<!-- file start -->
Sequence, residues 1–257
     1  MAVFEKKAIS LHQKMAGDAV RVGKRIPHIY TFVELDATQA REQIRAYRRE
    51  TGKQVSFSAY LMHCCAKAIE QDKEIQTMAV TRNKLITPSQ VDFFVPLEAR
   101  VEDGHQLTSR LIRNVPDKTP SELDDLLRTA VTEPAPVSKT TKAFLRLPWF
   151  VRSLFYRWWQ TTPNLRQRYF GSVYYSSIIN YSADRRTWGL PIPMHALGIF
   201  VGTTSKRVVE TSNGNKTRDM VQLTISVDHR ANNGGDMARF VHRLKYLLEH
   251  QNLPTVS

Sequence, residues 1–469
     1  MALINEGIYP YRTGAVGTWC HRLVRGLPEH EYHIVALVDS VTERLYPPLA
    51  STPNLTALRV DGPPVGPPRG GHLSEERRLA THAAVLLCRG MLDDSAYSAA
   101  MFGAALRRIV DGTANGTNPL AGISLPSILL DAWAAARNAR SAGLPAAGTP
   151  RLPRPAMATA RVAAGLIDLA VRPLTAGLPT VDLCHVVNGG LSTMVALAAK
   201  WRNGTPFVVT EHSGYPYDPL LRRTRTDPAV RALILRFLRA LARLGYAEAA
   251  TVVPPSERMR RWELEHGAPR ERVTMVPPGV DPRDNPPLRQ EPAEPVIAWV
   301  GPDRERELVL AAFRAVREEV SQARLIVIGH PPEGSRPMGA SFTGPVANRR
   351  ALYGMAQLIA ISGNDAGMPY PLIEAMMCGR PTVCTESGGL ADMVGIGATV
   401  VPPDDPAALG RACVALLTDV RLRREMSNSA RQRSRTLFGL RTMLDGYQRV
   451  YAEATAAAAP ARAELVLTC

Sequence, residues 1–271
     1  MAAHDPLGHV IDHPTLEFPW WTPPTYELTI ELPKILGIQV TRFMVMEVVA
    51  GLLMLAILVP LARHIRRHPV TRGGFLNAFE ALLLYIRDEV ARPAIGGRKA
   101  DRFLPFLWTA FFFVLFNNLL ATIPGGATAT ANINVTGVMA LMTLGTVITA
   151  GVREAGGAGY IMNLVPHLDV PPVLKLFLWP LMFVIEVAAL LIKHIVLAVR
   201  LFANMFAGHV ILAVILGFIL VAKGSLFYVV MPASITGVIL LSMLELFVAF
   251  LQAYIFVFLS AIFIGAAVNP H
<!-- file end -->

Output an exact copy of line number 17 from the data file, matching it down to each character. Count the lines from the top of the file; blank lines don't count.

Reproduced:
   401  VPPDDPAALG RACVALLTDV RLRREMSNSA RQRSRTLFGL RTMLDGYQRV